This ‘making up’ of people is an essential part of how a society understands and regulates itself. The social structures and power relations by which this process occurs make for fruitful and fascinating study. Continue Reading →

Through the Cracks: Home… Sweet Home

What’s it like to be in a mental hospital? In the introduction to this series, Phill offers an empathetic yet unflinching first-hand account, leaving labels, preconceptions and prejudices at the door.

Through the Cracks: Home... Sweet Home

This feature is Part 1 of a series.

My room is a single room with an ensuite bathroom. Newcomers, I’m told, temporarily occupy these rooms until a decision is made regarding our mental state. Soon we will be moved, either to single rooms with shared bathrooms or four-bed dormitory rooms. Another patient, unhappy about being moved into a dormitory where his unsettlingly-vacant neighbour openly masturbates to vocalised violent fantasies involving minors, has told the nurses that I’ve agreed to swap with him. I am asked only once if I have indeed agreed to swap rooms. My terror must be evident; my room remains my home.

My room itself is a curious statement. There is a single bed, much like any cheap motel room but with its comfort hindered further by a thick vinyl bed protector. The walls are a powdery blue and the carpet is a hard-worn, grey-blue loop-pile. The spartan furniture — a desk, bedside table, chair and wardrobe — would have been understated two decades ago. The print which depicts a city scene, somehow aptly, in the rain, is firmly fixed to the wall, its glass removed. There are two impenetrable layers of steel bars on the outside of the building and the floor-to-ceiling windows are no longer able to be opened. All the same, I am glad for the small patch of blue sky I can see through the bars, past the large tree growing in front of my room and out over the tops of the surrounding houses.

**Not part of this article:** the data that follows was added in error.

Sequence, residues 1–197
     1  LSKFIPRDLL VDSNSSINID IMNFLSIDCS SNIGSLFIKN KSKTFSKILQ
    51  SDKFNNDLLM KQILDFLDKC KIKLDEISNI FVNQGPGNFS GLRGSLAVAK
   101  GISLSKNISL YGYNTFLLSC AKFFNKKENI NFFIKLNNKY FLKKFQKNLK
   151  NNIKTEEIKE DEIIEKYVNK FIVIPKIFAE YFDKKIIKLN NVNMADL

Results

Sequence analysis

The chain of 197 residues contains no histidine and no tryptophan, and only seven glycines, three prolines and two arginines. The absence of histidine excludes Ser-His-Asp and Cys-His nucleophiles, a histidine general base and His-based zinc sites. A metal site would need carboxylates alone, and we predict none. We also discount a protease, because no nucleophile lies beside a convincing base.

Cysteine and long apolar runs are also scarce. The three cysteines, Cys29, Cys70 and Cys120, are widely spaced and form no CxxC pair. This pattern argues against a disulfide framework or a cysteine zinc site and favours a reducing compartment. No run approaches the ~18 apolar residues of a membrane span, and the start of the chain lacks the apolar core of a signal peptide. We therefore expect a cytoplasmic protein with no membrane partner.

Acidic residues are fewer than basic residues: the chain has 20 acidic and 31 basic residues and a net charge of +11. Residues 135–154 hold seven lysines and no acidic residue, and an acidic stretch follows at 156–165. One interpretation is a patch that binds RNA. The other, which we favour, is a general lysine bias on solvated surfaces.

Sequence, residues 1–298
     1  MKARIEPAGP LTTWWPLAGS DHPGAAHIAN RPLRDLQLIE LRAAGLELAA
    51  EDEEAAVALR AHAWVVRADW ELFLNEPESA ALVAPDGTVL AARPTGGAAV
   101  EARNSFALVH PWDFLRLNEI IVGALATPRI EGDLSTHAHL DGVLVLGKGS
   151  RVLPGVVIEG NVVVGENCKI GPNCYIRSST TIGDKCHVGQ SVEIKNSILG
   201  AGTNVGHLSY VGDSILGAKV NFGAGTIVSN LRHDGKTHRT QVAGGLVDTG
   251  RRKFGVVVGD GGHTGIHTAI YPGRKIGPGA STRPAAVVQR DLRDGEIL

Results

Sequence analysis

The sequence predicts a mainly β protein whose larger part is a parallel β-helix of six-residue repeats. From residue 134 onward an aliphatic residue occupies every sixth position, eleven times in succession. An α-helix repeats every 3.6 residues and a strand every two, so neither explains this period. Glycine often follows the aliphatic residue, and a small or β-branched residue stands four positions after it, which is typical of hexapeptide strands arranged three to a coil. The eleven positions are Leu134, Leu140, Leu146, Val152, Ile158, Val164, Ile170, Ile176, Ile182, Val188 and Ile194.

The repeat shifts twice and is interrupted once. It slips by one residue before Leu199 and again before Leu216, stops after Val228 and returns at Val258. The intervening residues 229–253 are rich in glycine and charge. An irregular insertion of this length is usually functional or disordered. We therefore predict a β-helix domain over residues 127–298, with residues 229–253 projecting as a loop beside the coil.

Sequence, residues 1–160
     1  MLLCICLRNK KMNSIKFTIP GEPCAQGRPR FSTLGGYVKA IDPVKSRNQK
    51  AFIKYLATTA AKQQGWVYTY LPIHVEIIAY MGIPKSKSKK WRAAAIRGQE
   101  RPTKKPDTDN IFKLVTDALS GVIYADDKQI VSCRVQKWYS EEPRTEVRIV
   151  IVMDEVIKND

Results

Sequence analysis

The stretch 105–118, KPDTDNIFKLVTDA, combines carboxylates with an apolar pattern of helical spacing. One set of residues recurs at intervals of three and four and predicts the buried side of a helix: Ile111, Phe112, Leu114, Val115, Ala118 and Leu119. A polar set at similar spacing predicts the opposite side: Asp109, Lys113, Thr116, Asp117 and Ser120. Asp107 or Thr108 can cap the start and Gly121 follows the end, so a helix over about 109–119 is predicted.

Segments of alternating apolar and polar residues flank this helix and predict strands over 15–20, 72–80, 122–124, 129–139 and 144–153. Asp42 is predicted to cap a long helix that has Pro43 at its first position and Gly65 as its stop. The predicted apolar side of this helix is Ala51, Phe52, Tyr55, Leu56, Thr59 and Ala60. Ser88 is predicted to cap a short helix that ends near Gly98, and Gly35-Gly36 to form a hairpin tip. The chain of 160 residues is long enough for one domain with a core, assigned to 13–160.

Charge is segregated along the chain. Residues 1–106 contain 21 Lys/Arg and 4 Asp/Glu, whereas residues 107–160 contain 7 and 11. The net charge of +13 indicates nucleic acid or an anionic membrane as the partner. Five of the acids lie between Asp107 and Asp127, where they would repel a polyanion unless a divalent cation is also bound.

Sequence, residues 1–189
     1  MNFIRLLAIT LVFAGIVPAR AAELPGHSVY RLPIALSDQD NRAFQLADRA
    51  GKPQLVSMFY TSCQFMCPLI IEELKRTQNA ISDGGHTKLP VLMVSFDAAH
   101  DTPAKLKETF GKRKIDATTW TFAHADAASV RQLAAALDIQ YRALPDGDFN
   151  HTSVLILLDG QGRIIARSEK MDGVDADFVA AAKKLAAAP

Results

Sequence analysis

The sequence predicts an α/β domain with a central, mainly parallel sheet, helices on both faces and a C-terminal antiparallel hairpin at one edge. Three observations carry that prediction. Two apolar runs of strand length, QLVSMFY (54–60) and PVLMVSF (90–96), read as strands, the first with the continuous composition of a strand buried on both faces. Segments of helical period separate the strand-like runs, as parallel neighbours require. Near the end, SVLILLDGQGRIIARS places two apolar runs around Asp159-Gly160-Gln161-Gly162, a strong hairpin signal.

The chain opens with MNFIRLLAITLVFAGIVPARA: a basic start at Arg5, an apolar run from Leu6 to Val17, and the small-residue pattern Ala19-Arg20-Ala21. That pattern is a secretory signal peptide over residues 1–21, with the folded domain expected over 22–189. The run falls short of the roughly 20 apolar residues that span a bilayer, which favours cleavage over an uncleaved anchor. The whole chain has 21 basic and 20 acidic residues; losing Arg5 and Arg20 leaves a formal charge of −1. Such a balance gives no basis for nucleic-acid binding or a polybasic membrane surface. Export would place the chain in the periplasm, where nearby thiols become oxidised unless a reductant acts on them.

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Sex, Love and Marriage

Growing up in a strict religious family can do strange things to a young boy’s concept of sex and sexuality. In this moving personal reflection, Sean offers a powerfully candid account of his sexual development through adolescence and into adulthood. Now a husband and a father, his story raises some difficult questions about relationships, religion and the institution of marriage.

It was never mentioned. Period. Sex transcended taboo in my upbringing. My earliest recollections of sexuality are being introduced by my marginally older cousin to OzBike magazines at his local paper shop, and finding Hustler magazines and a pornographic novel under my eldest brother’s bed. I recall that the Hustler magazines were encountered in my third year of school, when I was roughly eight years of age. The OzBike magazines predated this by perhaps twelve months at most.